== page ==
Europeans on the other side of the battle for Europe, many of which are still religious Christians, are emotionally hurt by Europe’s recurring opposition to Jerusalem, which includes European countries’ support or abstention on ludicrous UNESCO resolutions implying that Christian and Jews have no historic connections to Jerusalem.
The EU has been exerting intense pressure on its member states not to move their embassies to Jerusalem, but those on the other side of battle for Europe are beginning to rebel: the prime ministers of Hungary, Poland and the Czech Republic defied the European Union and announced last month the opening of diplomatic offices in Jerusalem. Last week, Romania went even further and to the great dismay of the EU, announced that it will follow the US lead and move its embassy to Jerusalem as well.
Similarly, while denouncing nationalism at home, the EU has been aggressively promoting Palestinian nationalism abroad, leading to the de facto EU policy of PNEP: Post-Nationalists except Palestine.
Europe’s obsessive intervention in Israeli-Palestinian affairs has indeed been debilitating to the prospects to peace and damaging to Palestinians, such as through Europe’s relentless efforts to sabotage Palestinian employment in Jewish-owned businesses. The EU has been sanctioning such businesses and regulating unprecedented special labels as a condition for sales in Europe. This, the EU claims, is done to “help Palestinians.” Yet denying Palestinians employment, livelihood, mentorship opportunities and professional growth is no help – it is a profound expression of European supremacism and colonialism.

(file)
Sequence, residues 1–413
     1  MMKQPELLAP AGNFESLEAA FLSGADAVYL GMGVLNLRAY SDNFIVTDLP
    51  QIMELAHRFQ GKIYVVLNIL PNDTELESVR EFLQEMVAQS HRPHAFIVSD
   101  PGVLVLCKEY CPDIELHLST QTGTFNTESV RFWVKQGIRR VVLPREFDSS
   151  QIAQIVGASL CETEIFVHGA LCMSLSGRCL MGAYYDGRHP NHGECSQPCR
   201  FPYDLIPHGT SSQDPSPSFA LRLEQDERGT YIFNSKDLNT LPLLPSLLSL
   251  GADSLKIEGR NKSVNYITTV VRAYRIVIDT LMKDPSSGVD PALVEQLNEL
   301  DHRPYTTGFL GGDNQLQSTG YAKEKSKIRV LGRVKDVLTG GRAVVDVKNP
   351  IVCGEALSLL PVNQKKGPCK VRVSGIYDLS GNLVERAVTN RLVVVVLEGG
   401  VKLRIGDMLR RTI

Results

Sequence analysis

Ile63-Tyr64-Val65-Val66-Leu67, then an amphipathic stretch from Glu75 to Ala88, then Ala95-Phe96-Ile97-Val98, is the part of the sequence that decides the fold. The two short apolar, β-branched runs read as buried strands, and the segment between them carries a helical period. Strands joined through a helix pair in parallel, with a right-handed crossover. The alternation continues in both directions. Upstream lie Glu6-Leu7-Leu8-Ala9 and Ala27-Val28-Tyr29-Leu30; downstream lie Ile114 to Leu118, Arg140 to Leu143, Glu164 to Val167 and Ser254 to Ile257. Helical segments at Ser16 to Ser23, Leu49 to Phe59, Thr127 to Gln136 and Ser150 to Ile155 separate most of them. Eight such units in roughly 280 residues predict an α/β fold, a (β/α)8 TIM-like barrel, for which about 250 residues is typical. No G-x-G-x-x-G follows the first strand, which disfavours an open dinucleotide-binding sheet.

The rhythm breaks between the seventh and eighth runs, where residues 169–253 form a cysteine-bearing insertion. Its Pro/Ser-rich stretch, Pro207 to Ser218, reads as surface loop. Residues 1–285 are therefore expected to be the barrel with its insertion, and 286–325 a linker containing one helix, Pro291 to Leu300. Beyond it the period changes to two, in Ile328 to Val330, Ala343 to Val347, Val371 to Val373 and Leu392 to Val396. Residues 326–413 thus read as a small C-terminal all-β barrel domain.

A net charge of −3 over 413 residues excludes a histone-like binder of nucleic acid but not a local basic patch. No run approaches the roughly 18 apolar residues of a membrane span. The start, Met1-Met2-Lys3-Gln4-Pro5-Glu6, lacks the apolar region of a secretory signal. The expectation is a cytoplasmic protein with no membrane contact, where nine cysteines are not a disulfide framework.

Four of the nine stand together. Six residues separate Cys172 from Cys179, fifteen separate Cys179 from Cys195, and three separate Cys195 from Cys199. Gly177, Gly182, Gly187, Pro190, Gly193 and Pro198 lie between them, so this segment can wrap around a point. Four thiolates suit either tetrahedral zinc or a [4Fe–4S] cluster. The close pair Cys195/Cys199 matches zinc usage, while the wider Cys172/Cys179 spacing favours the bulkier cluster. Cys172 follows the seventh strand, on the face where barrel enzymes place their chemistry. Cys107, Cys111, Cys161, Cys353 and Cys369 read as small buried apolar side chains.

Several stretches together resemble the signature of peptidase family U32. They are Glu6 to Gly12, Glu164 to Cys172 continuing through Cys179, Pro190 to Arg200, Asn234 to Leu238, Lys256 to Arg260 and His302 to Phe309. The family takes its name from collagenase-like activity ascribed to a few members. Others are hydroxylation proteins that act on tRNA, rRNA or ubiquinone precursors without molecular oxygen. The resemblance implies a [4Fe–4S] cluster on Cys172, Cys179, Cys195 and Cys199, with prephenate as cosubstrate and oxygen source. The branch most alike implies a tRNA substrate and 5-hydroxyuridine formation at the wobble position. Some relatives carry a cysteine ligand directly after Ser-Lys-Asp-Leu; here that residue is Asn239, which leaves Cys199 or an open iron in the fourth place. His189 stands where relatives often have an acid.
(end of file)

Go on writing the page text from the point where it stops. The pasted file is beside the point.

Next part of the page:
On the other hand, members of 11 Eurosceptic parties have established the Friends of Judea and Samaria in the European Parliament to counter the EU boycott.
WHILE THE European Union and Israel are allies and partners on a variety of economic and security matters, the EU’s criticism of Israel has turned into an infatuation that is hard to explain through rational reasoning.
Indeed, European opposition to Israel is not just about the conflict or “punishment” for the Jewish state’s steadfast alliance with the United States – an unshakable bond maintained by successive US presidents and Israeli governments. Modrikamen explains that Israel stands in the way of the EU’s narrative that prosperity and peace will only be achieved through post-nationalism: “Israel is affirming exactly the opposite – that you can be a nation-state, that you can unite around common values and cohabitate perfectly in a democracy.” According to such views, the EU does not only have strong disagreements with Israeli policies, such as on settlements, but has a fundamental philosophical problem with the actual existence of Israel as the homeland of the Jewish nation. The only way to reconcile this is to de-Israelize Israel: to Europeanize it!